This means every regenerative farm will look different, and there's no one-size-fits-all model for success. To find regeneratively grown in your area, therefore, requires getting really close to your food source.
The dirt on supporting regenerative agriculture in your area.
"Start by trying to understanding your place or the farmland nearest to you," recommends Zach Wolf, the farm manager at Caney Fork Farms in Carthage, Tennessee. For example, he says, his region of Tennessee gets a lot of rain and shade from trees. This makes it easier for them to work with nature to raise crops and cattle than it would be for a farmer in, say, a super-dry desert climate in California.
Gathering this information and learning about regenerative progress in your area will probably require talking to your local farmers, or grocery store managers if you don't have a farmers market that's easily accessible.
"The best recommendation until we have the regenerative standard is to ask more questions and get closer to your food source," says Lauren Tucker, the executive director of Kiss the Ground, a group that is pushing for "global regeneration." Tucker and her team put out a 30-page purchasing guide with sample questions to ask to help encourage these conversations, which you can access here.
Even if the person you're talking to isn't familiar with regenerative practices, at least your question put it on their radar. "Let them know the consumers are talking about [regeneratively grown food] because more and more farmers are starting to grow it," says Kopald. "It will create the distribution for what they're growing."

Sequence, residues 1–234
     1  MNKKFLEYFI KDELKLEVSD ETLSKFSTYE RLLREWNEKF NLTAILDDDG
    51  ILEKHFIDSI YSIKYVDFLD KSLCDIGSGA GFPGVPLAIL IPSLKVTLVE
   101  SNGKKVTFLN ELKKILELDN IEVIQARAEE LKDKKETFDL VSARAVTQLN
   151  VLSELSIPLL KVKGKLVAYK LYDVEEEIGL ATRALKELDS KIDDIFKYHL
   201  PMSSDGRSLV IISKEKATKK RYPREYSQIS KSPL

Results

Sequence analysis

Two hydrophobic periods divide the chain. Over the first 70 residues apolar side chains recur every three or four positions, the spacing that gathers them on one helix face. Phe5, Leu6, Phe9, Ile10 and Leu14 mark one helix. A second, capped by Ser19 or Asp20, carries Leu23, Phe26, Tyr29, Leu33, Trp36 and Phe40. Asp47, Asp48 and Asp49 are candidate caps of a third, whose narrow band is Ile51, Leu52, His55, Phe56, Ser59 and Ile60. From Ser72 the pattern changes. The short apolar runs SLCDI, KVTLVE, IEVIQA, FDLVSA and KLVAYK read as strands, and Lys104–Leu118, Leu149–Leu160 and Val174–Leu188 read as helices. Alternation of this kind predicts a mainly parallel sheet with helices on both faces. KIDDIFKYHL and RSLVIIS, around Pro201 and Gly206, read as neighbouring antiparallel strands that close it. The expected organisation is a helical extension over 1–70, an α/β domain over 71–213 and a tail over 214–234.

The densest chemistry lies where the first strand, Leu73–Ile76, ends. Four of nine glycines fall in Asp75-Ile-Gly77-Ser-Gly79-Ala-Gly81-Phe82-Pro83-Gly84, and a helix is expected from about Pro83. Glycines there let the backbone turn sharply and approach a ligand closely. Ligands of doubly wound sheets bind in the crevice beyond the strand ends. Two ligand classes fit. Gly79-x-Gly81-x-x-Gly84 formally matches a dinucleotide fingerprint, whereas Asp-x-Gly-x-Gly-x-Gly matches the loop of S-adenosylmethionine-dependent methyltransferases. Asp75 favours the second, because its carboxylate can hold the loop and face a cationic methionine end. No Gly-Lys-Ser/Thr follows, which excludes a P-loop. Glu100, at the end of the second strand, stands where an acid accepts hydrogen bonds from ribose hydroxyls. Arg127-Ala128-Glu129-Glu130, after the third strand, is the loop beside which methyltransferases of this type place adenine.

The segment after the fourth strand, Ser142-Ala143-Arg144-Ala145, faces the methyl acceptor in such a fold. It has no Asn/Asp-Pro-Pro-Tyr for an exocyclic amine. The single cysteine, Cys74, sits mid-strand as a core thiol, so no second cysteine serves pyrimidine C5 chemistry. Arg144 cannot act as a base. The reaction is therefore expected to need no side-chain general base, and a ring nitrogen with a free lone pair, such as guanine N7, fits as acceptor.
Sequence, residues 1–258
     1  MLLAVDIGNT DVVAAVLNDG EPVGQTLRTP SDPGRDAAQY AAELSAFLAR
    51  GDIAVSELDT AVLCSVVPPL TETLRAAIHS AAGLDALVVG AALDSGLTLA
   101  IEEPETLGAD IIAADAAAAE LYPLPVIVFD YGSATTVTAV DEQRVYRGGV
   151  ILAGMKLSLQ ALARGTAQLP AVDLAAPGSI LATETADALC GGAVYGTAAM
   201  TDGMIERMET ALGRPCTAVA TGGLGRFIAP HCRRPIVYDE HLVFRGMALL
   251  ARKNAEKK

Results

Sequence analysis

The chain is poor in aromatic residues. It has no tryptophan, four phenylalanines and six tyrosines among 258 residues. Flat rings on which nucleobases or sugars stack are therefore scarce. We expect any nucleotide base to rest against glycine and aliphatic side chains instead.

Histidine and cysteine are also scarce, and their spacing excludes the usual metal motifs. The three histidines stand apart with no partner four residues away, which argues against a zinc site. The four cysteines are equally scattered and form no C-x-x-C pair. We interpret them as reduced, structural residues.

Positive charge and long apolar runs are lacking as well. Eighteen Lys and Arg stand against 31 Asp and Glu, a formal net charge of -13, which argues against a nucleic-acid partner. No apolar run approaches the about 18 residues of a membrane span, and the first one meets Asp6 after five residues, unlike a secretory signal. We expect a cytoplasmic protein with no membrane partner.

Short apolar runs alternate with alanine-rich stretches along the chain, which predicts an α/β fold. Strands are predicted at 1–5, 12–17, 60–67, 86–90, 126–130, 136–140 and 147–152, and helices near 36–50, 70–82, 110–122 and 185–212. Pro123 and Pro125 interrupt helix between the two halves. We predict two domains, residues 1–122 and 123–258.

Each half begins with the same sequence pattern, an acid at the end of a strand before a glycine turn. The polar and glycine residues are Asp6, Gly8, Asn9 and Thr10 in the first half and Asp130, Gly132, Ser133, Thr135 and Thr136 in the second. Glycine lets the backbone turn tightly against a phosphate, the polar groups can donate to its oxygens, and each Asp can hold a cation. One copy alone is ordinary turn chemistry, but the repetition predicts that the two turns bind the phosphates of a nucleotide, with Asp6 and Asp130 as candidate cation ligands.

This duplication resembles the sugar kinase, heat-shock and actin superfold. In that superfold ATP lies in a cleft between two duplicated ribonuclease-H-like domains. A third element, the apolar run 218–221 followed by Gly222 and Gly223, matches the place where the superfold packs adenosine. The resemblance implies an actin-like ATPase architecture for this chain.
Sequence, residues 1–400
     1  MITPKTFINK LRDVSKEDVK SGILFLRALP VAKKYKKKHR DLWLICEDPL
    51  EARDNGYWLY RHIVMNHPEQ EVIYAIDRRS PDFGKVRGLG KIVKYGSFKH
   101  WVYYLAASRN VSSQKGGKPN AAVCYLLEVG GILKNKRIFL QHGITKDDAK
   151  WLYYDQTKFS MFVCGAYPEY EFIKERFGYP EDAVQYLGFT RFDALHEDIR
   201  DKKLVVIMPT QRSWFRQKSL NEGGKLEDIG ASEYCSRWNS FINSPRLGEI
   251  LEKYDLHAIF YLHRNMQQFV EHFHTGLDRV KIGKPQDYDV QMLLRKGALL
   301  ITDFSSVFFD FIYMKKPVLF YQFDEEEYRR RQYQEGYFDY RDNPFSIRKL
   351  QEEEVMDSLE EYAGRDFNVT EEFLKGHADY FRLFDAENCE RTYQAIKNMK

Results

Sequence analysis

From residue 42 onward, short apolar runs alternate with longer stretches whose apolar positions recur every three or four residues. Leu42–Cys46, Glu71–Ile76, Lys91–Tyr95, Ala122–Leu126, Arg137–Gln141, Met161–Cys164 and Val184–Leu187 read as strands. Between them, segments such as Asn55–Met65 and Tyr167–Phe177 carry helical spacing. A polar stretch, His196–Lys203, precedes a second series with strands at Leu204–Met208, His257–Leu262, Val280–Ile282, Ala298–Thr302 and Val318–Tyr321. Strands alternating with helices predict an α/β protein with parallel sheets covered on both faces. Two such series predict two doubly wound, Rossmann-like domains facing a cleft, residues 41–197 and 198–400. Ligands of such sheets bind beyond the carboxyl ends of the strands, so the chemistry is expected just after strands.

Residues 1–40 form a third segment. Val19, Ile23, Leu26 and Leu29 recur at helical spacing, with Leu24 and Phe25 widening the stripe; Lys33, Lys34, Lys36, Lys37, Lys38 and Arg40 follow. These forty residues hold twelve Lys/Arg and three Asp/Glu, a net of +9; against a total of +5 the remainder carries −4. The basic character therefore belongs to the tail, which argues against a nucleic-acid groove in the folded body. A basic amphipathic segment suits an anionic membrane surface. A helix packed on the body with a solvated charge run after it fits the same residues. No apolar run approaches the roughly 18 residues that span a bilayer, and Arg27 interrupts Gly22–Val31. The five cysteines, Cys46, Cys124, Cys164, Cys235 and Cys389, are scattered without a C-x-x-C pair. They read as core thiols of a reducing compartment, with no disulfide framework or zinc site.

While it will likely require an extra step to find regenerative food, and an extra dollar to buy it until it becomes more widespread, David Karr, co-founder of Guayakí Yerba Mate, another company that employs regenerative practices, reminds us that "You pay now or you pay later." If you're able to support the industry, it could pay dividends to the planet—not to mention your health—down the line.
"We now understand that the closer we all get (literally) to biologically diverse soil, the better our immune and digestive health becomes1," says Wolf. "This would be the ultimate goal of the regenerative agricultural movement: to build the link between land health and human health so that final link has been made, all the way from soil to stomach."
Emma Loewe is the Sustainability and Health Director at mindbodygreen and the author of Return to Nature: The New Science of How Natural Landscapes Restore Us. She is also the co-author of The Spirit Almanac: A Modern Guide To Ancient Self Care, which she wrote alongside Lindsay Kellner.
Emma received her B.A. in Environmental Science & Policy with a specialty in environmental communications from Duke University. In addition to penning over 1,000 mbg articles on topics from the water crisis in California to the rise of urban beekeeping, her work has appeared on Grist, Bloomberg News, Bustle, and Forbes. She's spoken about the intersection of self-care and sustainability on podcasts and live events alongside environmental thought leaders like Marci Zaroff, Gay Browne, and Summer Rayne Oakes.